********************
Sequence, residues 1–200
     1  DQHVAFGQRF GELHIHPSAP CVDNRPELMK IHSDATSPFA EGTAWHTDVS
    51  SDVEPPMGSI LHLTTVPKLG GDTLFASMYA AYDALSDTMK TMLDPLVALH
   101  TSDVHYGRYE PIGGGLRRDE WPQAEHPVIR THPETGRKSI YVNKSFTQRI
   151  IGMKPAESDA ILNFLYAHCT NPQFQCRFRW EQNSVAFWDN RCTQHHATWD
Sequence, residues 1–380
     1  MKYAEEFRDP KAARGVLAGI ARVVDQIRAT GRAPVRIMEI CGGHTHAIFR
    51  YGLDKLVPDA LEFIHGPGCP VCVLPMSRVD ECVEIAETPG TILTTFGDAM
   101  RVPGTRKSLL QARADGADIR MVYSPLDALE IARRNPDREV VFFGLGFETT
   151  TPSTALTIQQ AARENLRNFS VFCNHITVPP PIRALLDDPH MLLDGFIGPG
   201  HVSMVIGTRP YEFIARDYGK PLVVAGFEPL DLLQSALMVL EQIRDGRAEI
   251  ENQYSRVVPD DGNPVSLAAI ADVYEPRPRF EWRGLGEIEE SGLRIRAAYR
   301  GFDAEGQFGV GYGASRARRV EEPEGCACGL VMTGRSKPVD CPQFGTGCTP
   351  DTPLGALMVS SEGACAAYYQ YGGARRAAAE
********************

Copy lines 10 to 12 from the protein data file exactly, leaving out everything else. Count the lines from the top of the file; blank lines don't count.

   151  TPSTALTIQQ AARENLRNFS VFCNHITVPP PIRALLDDPH MLLDGFIGPG
   201  HVSMVIGTRP YEFIARDYGK PLVVAGFEPL DLLQSALMVL EQIRDGRAEI
   251  ENQYSRVVPD DGNPVSLAAI ADVYEPRPRF EWRGLGEIEE SGLRIRAAYR